Placenta previa

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Placenta previa is when you placenta is lying low in your uterus next to or covering your cervix- the doorway between the uterus and the vagina.  The placenta is usually located near the top of the uterus.. It supplies the fetus with nutrients through the umbilical cord and removes its waste.Placenta previa can cause severe bleeding before or during delivery.When found early placenta previa is usually not considered to be a problem because as the uterus grows, the placenta usually moves higher in the uterus, away from the cervix. But later in pregnancy if the placenta is still covering the cervix , then it becomes a problem.You may be restricted to bed rest for a portion of your pregnancy. If you have placenta previa at the time of delivery, you will need a c- section.

The placenta may lie near the cervix and not cover it and this is low-lying placenta. It usually moves up as pregnancy progresses. Placenta may also partially cover the cervix as in partial previa or fully cover and block the cervical opening as in the case of complete previa.



The actual cause of placenta previa in unknown. The placenta grows wherever the embryo implants itself in the uterus. If the embryo implants itself  in the lower portion of the uterus, the placenta will grow there and might cover the cervix. Placenta previa is usually diagnosed during the second trimester ultrasound. Other conditions like abnormally shaped uterus, scars in the lining of the uterus and a large placenta can also cause placenta previa.



Certain factors that can put a woman at risk of getting placenta previa include

  • having had a previous placenta previa in previous pregnancy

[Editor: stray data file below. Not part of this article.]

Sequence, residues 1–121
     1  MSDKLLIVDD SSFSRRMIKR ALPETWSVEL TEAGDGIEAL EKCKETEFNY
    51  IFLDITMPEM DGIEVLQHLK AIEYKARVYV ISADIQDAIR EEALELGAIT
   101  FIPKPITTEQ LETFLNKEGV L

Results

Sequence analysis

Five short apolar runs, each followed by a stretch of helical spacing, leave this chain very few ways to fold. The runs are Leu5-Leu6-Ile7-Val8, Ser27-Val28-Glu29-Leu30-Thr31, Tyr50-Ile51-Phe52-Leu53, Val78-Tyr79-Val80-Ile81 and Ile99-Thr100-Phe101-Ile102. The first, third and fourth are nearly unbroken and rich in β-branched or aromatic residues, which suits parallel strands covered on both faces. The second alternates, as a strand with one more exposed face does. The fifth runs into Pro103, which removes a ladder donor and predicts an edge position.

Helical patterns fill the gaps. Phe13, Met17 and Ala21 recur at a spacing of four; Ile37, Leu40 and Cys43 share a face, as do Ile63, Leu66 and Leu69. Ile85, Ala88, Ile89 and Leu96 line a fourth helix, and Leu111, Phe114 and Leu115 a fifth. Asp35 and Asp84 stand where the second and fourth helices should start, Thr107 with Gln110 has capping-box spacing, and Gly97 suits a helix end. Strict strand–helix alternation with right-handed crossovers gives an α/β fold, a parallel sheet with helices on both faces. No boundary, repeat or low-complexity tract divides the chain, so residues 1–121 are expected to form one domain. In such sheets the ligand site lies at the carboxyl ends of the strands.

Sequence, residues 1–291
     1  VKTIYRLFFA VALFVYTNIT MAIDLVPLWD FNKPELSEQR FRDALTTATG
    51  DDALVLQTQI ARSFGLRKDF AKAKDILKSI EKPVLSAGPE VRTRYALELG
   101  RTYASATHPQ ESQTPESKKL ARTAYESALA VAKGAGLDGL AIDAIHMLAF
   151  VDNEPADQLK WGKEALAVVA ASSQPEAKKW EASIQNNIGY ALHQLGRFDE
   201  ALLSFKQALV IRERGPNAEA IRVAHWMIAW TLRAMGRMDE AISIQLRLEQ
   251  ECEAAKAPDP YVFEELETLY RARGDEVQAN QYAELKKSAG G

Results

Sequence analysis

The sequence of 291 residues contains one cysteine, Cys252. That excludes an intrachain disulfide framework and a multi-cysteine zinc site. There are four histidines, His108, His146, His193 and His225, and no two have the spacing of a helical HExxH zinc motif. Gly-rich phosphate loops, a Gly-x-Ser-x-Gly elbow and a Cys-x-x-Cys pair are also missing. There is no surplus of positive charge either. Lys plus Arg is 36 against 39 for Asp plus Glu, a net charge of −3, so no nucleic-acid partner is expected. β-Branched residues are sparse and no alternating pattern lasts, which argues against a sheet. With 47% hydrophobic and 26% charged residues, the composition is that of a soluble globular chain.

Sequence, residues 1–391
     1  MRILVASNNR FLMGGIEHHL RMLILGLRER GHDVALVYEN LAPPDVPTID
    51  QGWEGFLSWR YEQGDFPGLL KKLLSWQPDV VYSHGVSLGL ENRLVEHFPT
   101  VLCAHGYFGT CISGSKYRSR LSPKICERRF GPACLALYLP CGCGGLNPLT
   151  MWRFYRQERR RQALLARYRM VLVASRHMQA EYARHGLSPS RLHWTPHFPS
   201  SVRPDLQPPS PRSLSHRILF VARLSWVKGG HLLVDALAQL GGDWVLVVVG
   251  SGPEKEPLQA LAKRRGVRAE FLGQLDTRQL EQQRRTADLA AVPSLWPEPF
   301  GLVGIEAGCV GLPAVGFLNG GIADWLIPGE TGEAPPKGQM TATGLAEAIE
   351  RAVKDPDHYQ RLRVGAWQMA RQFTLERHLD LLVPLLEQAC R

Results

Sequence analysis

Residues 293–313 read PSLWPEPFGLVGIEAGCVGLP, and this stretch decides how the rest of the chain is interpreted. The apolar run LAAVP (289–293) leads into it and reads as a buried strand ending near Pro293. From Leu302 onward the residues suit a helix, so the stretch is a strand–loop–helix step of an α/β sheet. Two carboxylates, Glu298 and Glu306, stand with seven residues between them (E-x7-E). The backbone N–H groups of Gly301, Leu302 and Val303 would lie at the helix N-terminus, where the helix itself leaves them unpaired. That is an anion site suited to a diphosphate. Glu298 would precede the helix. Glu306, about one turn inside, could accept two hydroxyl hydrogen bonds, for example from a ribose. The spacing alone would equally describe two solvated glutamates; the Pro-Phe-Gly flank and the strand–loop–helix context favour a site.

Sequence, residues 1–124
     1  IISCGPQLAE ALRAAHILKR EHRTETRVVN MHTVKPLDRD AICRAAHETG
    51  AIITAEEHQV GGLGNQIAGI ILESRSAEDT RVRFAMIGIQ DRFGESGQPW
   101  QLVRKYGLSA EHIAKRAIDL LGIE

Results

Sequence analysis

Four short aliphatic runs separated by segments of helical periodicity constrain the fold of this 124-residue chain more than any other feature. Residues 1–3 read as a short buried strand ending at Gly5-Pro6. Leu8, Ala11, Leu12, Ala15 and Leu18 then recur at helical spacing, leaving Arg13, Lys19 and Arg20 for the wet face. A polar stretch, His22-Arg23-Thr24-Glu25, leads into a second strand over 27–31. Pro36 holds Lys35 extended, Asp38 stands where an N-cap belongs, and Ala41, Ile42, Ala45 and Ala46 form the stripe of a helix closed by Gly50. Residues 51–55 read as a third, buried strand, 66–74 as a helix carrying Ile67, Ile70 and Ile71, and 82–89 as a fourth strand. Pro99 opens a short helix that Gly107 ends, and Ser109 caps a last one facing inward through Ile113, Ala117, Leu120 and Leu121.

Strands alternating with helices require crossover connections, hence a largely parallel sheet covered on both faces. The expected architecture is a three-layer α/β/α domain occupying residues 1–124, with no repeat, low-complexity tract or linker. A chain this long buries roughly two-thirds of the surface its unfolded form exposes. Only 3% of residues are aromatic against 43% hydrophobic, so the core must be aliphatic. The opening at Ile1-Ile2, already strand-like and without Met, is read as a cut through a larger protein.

• had some uterine surgery (such as a D&C or fibroid removal).
  • pregnant with multiples
  • a previous c – section
  • older than 35 years
  • cigarette smoker
  • asian



The main symptoms of placenta previa is bright red vaginal bleeding which is usually painless during the second trimester. The bleeding may be light or heavy and may resolve on its own without any medication. Bleeding may however recur days or weeks later. Other women may also experience contractions.



An ultrasound is usually used to diagnose placenta previa.  An abdominal and vaginal ultrasound will reveal placenta previa. Rarely a magnetic resonance imaging (MRI) may be used to determine the location of the placenta.



Treatment for placenta previa may depend on the individual’s condition such as how far along you are in pregnancy, amount of bleeding, position of placenta, your health and baby’s health.

If you have little or no bleeding, you may be put on bed rest for the rest of your pregnancy . Standing for long periods and physical exercise is off limits.You may also be told to avoid sex. For partial previa , you may be allowed to attempt vaginal delivery but if heavy bleeding occur, you will need an emergency c C-section.

In the case of heavy bleeding, you may need hospitalization. You will be put on bed rest, get blood transfusion to replace lost blood and medication to avoid premature labor may be administered. The latest you will deliver will be 37 weeks but may be earlier if necessary.

If bleeding however doesn’t stop and your baby is in distress, you will be given delivered through emergency c section even if baby is premature.



Placenta previa may present  complications such as

  • bleeding
  • preterm birth



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